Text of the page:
Money & Career

'I Felt So Low': How To Handle Being Bullied At Work

Being bullied at work can challenge your belief in who you are and have serious physical side effects.

woman upset at work

Photo, iStock.

“You’re so stupid. You make me sick.”

Kellie Auld hadn’t been at her new job for even a month before she was confronted by these words from a new colleague. “I couldn’t believe that’s what she was saying to me – right there in the hallway of our office. I could feel my face burn. I was very embarrassed . . . I felt so low.”

Auld, from Kamloops, B.C, was in her 50s when she started the job with a large corporation. “I wasn’t familiar with some of the computer systems and I need to be taught some of those things.” She could tell two younger women didn’t like her from the start, she says.

The two colleagues immediately started in on what Auld came to recognize as a targeted pattern of office bullying. They withheld information she needed to do her job, rolled their eyes and laughed whenever she spoke in staff meetings, constantly insulted her and gossiped behind her back. (She once overheard the two women tell the rest of the team: “We need to get rid of that stupid old woman.”)

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It was a real-life Mean Girls, says Auld. “It sounds like a high school drama, I know,” Auld says. “No one likes to be disliked. When you have someone who is so intent on showing their dislike to you, it’s devastating. I felt physically ill every morning at the idea of going to work… ”

Auld reported the bullying but eventually quit the and took legal action against the company for its inaction. She now calls the experience “a blessing in disguise” — she now owns her own consulting firm, Simply Communicating, that facilitates workplace anti-bullying training for organizations across British Columbia.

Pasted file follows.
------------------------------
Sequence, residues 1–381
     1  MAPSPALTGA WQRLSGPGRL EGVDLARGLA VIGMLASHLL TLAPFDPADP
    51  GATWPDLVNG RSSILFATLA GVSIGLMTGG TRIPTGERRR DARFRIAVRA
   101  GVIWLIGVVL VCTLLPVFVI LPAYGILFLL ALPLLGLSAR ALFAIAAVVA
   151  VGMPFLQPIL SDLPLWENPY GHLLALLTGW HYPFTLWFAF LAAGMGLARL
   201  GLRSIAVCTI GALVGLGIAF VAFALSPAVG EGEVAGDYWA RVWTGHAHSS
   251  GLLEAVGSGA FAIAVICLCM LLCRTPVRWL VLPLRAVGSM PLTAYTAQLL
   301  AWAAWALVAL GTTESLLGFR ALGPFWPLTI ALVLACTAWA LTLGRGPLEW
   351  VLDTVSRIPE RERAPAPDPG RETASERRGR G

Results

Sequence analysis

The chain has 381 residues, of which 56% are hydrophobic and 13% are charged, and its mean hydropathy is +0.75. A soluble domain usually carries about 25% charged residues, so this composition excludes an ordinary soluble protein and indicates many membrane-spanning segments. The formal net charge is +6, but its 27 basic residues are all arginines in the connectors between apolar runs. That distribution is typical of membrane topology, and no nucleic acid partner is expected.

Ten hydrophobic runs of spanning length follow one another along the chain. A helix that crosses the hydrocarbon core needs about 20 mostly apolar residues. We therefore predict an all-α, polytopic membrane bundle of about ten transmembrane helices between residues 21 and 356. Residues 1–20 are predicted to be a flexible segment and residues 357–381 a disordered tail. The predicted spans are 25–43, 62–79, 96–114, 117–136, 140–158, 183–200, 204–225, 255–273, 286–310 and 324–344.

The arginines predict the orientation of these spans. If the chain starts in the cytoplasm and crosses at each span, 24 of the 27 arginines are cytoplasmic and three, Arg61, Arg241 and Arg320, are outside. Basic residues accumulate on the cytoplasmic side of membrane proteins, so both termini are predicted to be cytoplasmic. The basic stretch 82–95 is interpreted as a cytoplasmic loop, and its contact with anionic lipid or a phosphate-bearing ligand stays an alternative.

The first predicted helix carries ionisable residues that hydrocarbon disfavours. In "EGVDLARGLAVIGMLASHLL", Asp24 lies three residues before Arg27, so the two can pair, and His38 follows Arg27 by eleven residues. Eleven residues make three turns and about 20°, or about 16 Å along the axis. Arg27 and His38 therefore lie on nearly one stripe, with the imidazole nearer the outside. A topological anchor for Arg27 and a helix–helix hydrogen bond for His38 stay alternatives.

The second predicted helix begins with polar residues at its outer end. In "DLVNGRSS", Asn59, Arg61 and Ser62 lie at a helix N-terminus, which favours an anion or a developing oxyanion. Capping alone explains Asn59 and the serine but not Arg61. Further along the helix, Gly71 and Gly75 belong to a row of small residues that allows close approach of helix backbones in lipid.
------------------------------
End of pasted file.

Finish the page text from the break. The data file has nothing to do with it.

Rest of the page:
And the prevalence of unhealthy workplace culture is keeping her busy. While national statistics in in Canada are scarce, studies done by the Workplace Bullying Institute in the U.S. show a troubling pattern. According to a nationwide survey done last year, 19 per cent of Americans say they have been bullied at work, and 40 per cent of those bullied suffered adverse physical effects. The targets were more commonly women, but more surprisingly, women were also more often the bullies.

Robyn Durling, the spokesperson for the provincial non-profit agency BullyFree BC, says nursing is one profession especially susceptible to the behaviour — according to the Canadian Nursing Association, more than half of all nurses and nursing students say they’ve been bullied. (The constant stress and group environment lends itself to situations where a bully can easily isolate their target, Durling says, cutting them off socially and reducing their power and self-worth.)

In competitive workplaces, Durling says bullies can get away with a lot – and are sometimes even encouraged to belittle others. The most often targeted? According to the WorkPlace Bullying Institute’s findings, women and people of colour are overwhelmingly a bully’s target.